Securing a Debt Consolidation Loan

A lower monthly payment coupled with a lower interest rate sounds great, but debt consolidation loans aren’t right for everyone. 

First, not everyone will qualify for a debt consolidation loan. If you’ve already fallen behind on your bills and your credit isn’t great, you may have trouble getting approved for a debt consolidation loan. And, because interest rates are determined in part by your creditworthiness, you may have even more difficulty getting a favorable interest rate. 

Some people with borderline credit are able to get debt consolidation loans by offering security. Because of the size of the typical debt consolidation loan, the most common type of secured debt consolidation loan is a home equity loan or home equity line of credit (HELOC). The downside to this type of consolidation is that by paying off credit card debt, personal loans, medical bills and similar debts with home equity, you’re turning unsecured debt into secured debt. That means if you aren’t able to keep up the payments, you could be facing foreclosure. That’s a big risk to take if you’re already struggling with debt.  If you’re considering using your home as security for this type of loan, it’s important to take a very hard, realistic look at the numbers and be sure you are confident in your ability to make timely payments.

Debt Consolidation Math

For those who do qualify, it’s important to take a hard look at the numbers. Lowering monthly payments is understandably a high priority for people who are struggling to keep up with monthly obligations. It may even be the highest priority. Just make sure that you understand exactly what you’re gaining and what it will cost.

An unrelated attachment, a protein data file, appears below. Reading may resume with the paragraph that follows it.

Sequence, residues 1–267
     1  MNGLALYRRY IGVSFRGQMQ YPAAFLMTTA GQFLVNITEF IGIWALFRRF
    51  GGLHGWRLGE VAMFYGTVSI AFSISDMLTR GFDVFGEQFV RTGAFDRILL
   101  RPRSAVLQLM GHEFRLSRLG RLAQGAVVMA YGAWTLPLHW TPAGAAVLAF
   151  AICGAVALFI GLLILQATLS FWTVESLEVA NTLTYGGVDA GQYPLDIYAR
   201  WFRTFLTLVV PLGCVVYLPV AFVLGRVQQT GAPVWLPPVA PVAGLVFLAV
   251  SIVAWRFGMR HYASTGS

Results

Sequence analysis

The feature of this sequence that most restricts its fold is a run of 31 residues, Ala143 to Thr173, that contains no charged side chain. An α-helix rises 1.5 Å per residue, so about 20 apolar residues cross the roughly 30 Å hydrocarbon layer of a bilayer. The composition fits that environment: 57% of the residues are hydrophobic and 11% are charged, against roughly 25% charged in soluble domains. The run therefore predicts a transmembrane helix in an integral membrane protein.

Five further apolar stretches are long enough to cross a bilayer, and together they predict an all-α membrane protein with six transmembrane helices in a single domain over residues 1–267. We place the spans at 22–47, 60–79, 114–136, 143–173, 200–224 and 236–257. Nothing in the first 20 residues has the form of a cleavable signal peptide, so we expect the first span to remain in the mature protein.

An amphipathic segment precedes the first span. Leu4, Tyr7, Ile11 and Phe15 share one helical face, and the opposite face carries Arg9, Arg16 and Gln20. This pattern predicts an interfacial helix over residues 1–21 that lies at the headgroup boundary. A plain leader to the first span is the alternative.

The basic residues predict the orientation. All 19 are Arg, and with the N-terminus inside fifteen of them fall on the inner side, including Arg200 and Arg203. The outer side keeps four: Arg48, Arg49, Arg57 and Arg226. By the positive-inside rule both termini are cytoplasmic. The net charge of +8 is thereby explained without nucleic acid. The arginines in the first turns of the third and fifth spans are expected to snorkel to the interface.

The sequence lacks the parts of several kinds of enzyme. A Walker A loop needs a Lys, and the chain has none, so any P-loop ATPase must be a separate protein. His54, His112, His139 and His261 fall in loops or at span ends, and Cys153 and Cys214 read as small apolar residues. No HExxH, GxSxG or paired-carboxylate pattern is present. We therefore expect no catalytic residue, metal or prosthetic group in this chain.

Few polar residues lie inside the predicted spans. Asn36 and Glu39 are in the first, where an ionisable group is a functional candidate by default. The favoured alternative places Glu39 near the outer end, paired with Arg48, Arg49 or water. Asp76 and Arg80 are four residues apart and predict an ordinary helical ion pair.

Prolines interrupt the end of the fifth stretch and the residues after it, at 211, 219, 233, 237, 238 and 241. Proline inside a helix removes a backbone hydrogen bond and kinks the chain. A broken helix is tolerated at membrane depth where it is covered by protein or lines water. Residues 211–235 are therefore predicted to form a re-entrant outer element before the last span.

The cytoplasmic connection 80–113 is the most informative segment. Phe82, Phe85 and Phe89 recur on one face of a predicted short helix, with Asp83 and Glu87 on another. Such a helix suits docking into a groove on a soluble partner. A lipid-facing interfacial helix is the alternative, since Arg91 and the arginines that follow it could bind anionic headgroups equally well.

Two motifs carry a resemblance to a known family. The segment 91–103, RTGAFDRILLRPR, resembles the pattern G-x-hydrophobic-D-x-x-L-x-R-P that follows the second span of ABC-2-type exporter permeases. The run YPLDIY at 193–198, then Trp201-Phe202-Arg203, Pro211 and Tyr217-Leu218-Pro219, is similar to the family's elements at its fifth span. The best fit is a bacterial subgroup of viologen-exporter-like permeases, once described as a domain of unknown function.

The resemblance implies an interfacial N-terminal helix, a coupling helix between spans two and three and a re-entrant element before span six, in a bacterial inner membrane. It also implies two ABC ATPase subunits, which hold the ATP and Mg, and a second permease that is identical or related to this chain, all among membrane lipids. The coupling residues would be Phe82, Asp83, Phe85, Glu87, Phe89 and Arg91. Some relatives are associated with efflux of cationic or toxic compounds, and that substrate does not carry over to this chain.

For example:

  • Debt consolidation loans can keep you in debt longer. While a lower interest rate may play a role in lowering monthly payments, this is often accomplished in part by stretching out payments. That makes it easier to keep on top of payments, but it may also add years to your repayment period.
  • Longer-term loans mean more interest. You may be able to secure a lower interest rate for your debt consolidation loan, but that doesn’t necessarily mean the total amount of interest you pay will be lower. For example, paying off $10,000 across four years at a 13% interest rate will cost you about $268/month, while paying the same amount at 10% across seven years means a monthly payment of about $166. But, if those loans are both paid off on schedule, the longer, lower-interest loan will cost more than $1,000 more in interest.

Investigate Your Debt Relief Options

If you’re seeking a debt relief solution, an attorney experienced in solutions like debt negotiation and bankruptcy can be your best resource. Before you make a decision that could seriously impact your financial life for years to come, arm yourself with information. You can schedule a free consultation with a Borowitz & Clark attorney right now. Just call 877-439-9717 or fill out the contact form on this site.